Recently, the Austin Police Department was awarded funding from The Byrne Criminal Justice Innovation Program, a program begun by the Department of Justice to help facilitate place-based, community oriented strategies to address neighborhood crime. As part of their proposal, APD has involved the UT Department of Sociology in the planning and evaluation steps of this multi-year project. We sent our intrepid blog editor to interview Dr. David Kirk, Associate Professor and lead researcher on the project, to find out more.
Why did APD decide to involve the UT sociology department?
Well, they were looking for research partners that had some experience with community crime prevention and neighborhood development and I had contacts at APD who were aware of my research. A core piece of my research agenda is understanding the relationship between crime and community conditions. APD knew I was familiar with the White House Neighborhood Revitalization Initiative through some work I have done with the National Institute of Justice. So I am familiar with what the Department of Justice and the Bureau of Justice Assistance want to accomplish through this grant program. Additionally, given my research background, I can help them both design a crime prevention program and evaluate it after implementation.
This project is specifically focusing on the area north of 183 around Rundberg Lane. Why was this area targeted?
The nature of the grant program is to identify a neighborhood in a given urban environment that accounts for a disproportionate amount of crime in a given city. So when APD and I developed the grant proposal, we looked at neighborhoods where crime concentrates. Here in Austin, the crime rate is fairly low compared to the crime rate in other urban areas, but it’s very concentrated and the Rundberg area is one of the extreme pockets of crime in the city. So the decision was kind of made for us based upon the distribution of crime.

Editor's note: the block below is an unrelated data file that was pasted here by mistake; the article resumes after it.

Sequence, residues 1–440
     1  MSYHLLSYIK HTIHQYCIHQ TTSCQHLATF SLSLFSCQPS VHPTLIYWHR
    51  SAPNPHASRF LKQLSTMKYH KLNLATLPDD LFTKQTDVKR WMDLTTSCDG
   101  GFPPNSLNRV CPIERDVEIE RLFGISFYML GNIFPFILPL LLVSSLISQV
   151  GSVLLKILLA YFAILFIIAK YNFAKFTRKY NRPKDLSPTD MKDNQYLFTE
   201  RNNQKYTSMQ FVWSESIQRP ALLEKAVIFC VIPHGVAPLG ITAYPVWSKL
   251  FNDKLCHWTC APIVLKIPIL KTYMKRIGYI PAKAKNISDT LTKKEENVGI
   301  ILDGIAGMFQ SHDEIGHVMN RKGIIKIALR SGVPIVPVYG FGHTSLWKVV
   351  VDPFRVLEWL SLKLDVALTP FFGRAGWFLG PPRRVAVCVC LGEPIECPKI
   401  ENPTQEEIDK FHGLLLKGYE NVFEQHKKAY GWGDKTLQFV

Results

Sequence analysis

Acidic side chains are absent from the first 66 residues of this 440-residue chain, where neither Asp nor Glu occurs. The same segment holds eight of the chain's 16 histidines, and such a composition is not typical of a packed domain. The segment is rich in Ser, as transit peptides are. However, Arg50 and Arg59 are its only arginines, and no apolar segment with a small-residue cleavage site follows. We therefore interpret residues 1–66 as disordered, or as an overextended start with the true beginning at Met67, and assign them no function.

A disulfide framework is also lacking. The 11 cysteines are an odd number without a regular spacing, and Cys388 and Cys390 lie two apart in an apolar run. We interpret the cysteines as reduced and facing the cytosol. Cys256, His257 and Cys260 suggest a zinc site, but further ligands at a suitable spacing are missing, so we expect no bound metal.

Are place-based crime strategies effective?
Definitely! The particular strategy that we’ll end up applying in the Rundberg area won’t apply everywhere of course, but certainly place-based strategies do work and not just in areas where there are high rates of crime.
One of the goals of this project is to not just reduce crime rates, but to “empower residents” of the neighborhood. Why shouldn’t these funds just go directly into enforcement and surveillance?
Because if you just spend the money on enforcement and surveillance it’s not developing community capacity like it needs to. So the idea is that after a three year period – a year of planning, a year of implementation, and a year of evaluation – the project funds will go away but the effort will be self-sustaining because the collective capacity of the neighborhood has been built up. It’s not just about reducing crime; it’s also about building collective efficacy in the community so that you have residents and the police and the DA and community organizations all working together. So we want to establish social network ties, establish working relationships; therefore even when the money goes away, they’ve got an institutional framework for continuing to fight crime.
What does “empowering residents” mean? What might it look like?
It can be as simple as encouraging residents to report crimes or to start neighborhood watch programs. Yet a specific motivation for this grant program is to directly involve the community in the planning process. That empowers residents. They will work with city leaders, community organizations, and UT to analyze the problems in the community and figure out what solutions make sense. Ultimately, if we just rely upon the police to control crime then we’re not capitalizing on the fact that there are all these other entities that could help out.
So just to be clear, we’re not talking about empowering residents to fight crime themselves, we’re talking about empowering them to address the causes of crime and to reduce the crime rate in that fashion?